This species is listed in CITES Appendix I, and listed on Appendix 1B of Decree 32 (2006) in Viet Nam. The species occurs in several protected areas in Viet Nam, especially Song Thanh, Ngoc Linh, Kon Kai Kinh, and Kon Cha Rang; however, protection against hunting and habitat disturbance is not completely enforced (Ha Thanh Long 2004). A long-term study in Gia Lai Province included in the "Viet Nam Primate Conservation Program" of the Frankfurt Zoological Society is currently in place (Ha Thanh Long 2004), and additional surveys in the distribution area are also included in the program, which may perhaps identify new populations. There is an ongoing captive-breeding program for this species at the Endangered Primate Rescue Center at Cuc Phuong National Park in Viet Nam, which also incorporates an education component.
This species occurs in central Viet Nam, in Quang Nam, Quang Ngai, Binh Dinh, Kon Tum, and Gia Lai provinces (Nadler et al. 2003; Ha Thang Long 2004).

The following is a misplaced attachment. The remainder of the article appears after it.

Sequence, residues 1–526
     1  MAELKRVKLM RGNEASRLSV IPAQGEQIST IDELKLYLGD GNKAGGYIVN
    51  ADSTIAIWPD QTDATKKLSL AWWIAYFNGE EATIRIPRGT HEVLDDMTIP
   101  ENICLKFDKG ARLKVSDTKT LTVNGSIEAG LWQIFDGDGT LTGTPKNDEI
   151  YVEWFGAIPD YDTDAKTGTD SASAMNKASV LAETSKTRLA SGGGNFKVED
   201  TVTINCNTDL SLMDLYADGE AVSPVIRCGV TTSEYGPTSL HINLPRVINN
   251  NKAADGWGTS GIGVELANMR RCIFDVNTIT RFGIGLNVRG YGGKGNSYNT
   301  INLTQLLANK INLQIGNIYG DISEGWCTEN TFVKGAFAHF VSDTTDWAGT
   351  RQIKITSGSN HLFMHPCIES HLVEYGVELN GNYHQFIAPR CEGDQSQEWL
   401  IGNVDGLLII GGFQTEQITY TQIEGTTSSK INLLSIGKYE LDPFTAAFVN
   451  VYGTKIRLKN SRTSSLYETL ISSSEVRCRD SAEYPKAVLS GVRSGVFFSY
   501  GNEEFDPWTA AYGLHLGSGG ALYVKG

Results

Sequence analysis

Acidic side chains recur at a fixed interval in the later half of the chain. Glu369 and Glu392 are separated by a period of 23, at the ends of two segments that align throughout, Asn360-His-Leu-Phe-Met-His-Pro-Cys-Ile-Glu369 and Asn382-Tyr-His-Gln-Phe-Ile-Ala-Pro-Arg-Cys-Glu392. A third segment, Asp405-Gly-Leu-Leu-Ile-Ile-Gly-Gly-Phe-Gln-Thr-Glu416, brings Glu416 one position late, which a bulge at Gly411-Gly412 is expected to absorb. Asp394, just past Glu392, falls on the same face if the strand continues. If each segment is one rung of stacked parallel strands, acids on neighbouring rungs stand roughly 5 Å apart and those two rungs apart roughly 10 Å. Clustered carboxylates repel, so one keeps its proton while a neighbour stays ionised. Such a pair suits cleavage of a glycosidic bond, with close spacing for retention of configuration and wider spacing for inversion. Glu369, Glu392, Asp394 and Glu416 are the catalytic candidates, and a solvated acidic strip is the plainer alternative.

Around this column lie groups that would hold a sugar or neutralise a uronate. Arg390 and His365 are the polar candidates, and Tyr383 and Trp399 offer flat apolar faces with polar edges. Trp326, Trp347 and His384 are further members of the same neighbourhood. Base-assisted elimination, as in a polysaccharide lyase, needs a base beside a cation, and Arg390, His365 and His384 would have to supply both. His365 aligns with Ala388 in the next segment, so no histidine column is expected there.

The total population for this species is estimated at 550 to 700 individuals, but some areas with assumed occurrence are not yet surveyed (Ha Thang Long 2004).
The Viet Namese Central Highland forests where these animals occur lose almost 10,000 ha of forest annually due to logging and agricultural conversion. This creates a progressively more fragmented habitat and population structure. Additionally, they are hunted for food, traditional "medicine" (for example it is used in the preparation of "monkey balm"), and for sale as pets (Ha Thanh Long 2004). Their behavioural responses to hunting, hiding motionless in the canopy rather than fleeing, make them more vulnerable (Nadler et al. 2003); they also become susceptible to snaring when they come to the ground to move in degraded habitats.
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Nguyen Van Truong (category and featured image)